These two tools provide me with much needed information. This shows me the baby's heartbeat and frees my hands & tells me what the baby's oxygen level is. I reference that with what is should be.
If the heartrate is above 100 and baby is breathing or crying, I rarely will use a PPV mask. I will put oxygen on the baby. At this point if I have not already, and I am using oxygen or starting PPV, we are calling 911. Indicators that supplemental oxygen is working is obviously a rise in oxygen levels, stabilization of a heartbeat and color and breathing in baby. I have seen just giving baby supplementation of oxygen stabilize a baby until EMS arrives. Blow-by oxygen would be a starting point. If blow-by oxygen is not bringing pulse oximeter readings to the targeted levels, then you increase the oxygen until it does. If I am doing blow-by and the oxygen level is below 85, then blow-by is not indicated, a full-on oxygen mask is and then I slowly increase the amount of O2 until the targeted level is met. You have a risk of giving baby too much oxygen and it must be monitored continually.
If baby does not have adequate breathing movements and especially if the heartrate is under 100, I will be doing Positive Pressure Ventilation. This is not just the 5 breaths as I mentioned above. This is continual breaths given at 60 BPM and I will be monitoring if they are effective. THE NUMBER ONE INDICATOR THAT THINGS ARE WORKING IS A RISE IN HEARTBEAT. Chest compressions are indicated if the baby's heart rate remains less than 60 bpm after at least 30 seconds of PPV that inflates the lungs, as evidenced by chest movement with ventilation.
If PPV is needed beyond a brief period, I will insert an alternative airway and release gas from the baby's stomach. This is very rare, but I am trained to do it.
I want to do as much of this on mom's chest, as possible. I want to communicate what is going on. I am not very good at it at times but I am working on it. I tend to think inward and focus on my task with my head spinning through all the possibilities and probabilities. I am so thankful for good birth assistants that take over communication. I now practice doing my skills while pretending I have parents that are there and need information. So, I am getting better. This is one of the reasons that I like to educate parents.
Our purpose in NRP is to keep the baby breathing, heart beating and oxygen levels within range until EMS arrives. Our care ends when the ambulance arrives and EMS takes over care. The Texas Administrative Code states "(b) It is an emergency if, during labor, delivery, or six hours immediately following placental delivery, the midwife determines that transfer is necessary and the client refuses transfer. The midwife shall call 911 and provide further care as indicated by the situation. The midwife shall not provide any further care after the arrival of emergency medical service (EMS) personnel but may do so if requested by EMS personnel."
This code, while I understand the reason for it, can cause many midwives a lot of distress. At the birth center or a house in the city, it is no concern. EMS walks in and quickly assesses the situation and leaves very quickly with a baby. Most birth center births, if there has been a baby in respiratory distress right after birth, ambulance arrives, leaves and arrives at the hospital within 15 minutes of birth. Out of city limits, the results are not the same. Our co-care isn't needed within city limits. Our co-care is rarely wanted in the county and our instructions are often not listened to. I have had EMS come in and remove equipment I am using and not continue with NRP guidelines. I have pointed out over and over concerns and be ignored. I have seen EMS take an absurdly long time to leave. I have seen them transfer to hospitals twice as far away. I have seen them transfer babies inappropriately. My job is to start work that EMS is supposed to take over. This will be another post. I do not want to do an EMS bashing post. They do an incredibly necessary service, work in a lot of stress and are probably underpaid. I want to inform parents on how transfers should look. I want to give you the tools you need to feel confident in the next step of getting your baby help for respiratory distress.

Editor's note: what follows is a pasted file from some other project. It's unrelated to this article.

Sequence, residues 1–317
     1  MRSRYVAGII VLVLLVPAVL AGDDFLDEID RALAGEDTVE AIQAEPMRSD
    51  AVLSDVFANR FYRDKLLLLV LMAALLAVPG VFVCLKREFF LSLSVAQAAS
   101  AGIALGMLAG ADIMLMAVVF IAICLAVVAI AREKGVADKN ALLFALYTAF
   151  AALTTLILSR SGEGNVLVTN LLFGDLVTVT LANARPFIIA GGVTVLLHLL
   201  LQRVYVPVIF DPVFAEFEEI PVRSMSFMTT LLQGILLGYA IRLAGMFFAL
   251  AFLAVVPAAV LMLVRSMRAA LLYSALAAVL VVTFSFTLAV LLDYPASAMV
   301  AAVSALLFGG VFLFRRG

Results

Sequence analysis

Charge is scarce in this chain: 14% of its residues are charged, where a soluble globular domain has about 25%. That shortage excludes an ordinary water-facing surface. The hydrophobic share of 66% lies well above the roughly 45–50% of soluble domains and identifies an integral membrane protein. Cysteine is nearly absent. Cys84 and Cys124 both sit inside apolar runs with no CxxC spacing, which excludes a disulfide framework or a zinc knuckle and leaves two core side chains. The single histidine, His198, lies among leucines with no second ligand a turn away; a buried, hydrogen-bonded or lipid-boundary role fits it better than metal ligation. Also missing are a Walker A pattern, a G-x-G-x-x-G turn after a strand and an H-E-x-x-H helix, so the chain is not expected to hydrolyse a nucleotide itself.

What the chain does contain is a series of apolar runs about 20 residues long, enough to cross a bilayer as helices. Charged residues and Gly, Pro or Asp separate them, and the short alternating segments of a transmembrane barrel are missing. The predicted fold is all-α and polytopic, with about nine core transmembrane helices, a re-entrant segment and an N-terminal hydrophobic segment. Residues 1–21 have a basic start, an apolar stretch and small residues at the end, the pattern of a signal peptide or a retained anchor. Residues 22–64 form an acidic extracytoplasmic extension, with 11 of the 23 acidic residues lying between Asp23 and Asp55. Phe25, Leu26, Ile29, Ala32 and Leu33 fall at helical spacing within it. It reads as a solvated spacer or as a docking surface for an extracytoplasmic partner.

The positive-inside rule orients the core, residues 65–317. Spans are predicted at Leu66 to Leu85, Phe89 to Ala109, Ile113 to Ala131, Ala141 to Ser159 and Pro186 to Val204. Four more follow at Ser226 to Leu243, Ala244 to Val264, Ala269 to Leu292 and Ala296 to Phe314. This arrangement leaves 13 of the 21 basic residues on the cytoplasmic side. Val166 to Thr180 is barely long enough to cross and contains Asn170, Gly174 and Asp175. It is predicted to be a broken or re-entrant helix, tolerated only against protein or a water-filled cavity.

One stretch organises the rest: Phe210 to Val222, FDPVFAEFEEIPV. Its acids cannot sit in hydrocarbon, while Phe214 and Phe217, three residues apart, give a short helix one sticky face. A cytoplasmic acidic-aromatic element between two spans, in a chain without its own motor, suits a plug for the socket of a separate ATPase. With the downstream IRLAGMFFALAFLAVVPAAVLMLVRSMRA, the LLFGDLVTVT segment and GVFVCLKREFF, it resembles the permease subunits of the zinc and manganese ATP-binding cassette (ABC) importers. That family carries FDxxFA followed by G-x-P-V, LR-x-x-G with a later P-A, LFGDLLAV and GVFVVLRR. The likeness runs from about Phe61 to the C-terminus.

I will have taken NRP for the 7th time this coming Friday. Some in a hospital settings, but the best have been given by some of the best instructors for out of hospital midwives. One of those has been teaching NRP type skills in a hospital before NRP was a thing. I have learned so much and hope that I have helped you understand the process as well. Did I leave anything out that you would like me to address?
International Liaison Committee on Resuscitation (ILCOR) guidelines from 2020  recommended avoiding routine suctioning, even in the presence of meconium-stained amniotic fluid. This recommendation was supported by a 2022 systematic review that found no benefits of suctioning . This study only recommend suctioning in the presence of obstruction. https://www.ncbi.nlm.nih.gov/pmc/articles/PMC10529279/#:~:text=International%20Liaison%20Committee%20on%20Resuscitation,benefits%20of%20suctioning%20%5B14%5D. NRP's latest guideline https://downloads.aap.org/DOICH/NRP%20Instructor%20Update%20Spring_Summer%202019.pdf